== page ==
Monday, November 7, 2011
I'm on record as a bikeshare hater (it's a real life Tragedy of the Commons!). I think they are a poor, poor way to spend public funds. Well, a friend recently asked me if the success of D.C.'s Capital Bikeshare had changed my mind. The answer, in short, is "no."
First, let's talk about the good stuff. People in D.C. seem very positive about their bikeshare program. By all accounts it's very well run; the bosses keep the bikes in good working order and are responsive to public suggestions. The program is also quite popular. In its first year, bikeshare signed up about 16,000 annual members and over 1,200 monthly members. In that span, users took almost 1 million rides.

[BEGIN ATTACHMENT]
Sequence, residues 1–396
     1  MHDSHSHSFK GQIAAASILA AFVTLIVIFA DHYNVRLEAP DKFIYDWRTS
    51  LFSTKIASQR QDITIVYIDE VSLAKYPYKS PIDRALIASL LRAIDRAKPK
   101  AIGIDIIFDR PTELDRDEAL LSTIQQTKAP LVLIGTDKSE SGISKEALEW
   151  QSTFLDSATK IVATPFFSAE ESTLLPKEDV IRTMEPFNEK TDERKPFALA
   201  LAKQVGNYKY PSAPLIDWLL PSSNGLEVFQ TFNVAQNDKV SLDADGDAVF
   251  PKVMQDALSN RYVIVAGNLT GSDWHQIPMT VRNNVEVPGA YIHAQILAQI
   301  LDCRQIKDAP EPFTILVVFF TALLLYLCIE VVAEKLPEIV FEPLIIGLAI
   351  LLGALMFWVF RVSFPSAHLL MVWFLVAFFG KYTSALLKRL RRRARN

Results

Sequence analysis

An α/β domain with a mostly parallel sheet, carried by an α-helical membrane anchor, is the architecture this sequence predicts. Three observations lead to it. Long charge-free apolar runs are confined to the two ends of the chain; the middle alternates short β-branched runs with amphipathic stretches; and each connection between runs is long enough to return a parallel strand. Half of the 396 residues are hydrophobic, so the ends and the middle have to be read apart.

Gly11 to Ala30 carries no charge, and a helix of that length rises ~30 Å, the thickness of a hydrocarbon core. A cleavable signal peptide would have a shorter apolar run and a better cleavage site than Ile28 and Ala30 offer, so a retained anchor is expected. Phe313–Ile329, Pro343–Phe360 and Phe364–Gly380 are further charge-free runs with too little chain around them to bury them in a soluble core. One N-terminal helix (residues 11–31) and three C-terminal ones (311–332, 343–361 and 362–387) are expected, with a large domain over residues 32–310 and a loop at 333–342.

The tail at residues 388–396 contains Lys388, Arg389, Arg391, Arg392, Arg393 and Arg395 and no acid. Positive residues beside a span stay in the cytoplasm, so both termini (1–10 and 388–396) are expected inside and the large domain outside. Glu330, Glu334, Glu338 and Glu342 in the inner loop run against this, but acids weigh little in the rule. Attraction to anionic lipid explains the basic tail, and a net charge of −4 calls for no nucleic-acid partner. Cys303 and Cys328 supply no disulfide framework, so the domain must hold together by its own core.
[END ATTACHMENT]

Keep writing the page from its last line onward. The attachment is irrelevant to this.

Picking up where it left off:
But here's the problem -- the program is super expensive to run. The bikes cost around $1,000 a piece and have a lifespan of six years. Annual operating costs are somewhere in the ballpark of $2,000 per bike. Revenue doesn't cover overall operating expenses (and that doesn't count the initial expense of installing bike stations at roughly $50,000 a pop). Moreover, there are suggestions that most of the people using the bikes to commute were already using some form of green transportation (walking, buses, subway, etc) to get to work.
Again, why do we insist on spending public money on this kind of thing? If we really want to increase the amount of biking on the public dime, why not purchase bikes and just give them to poor people?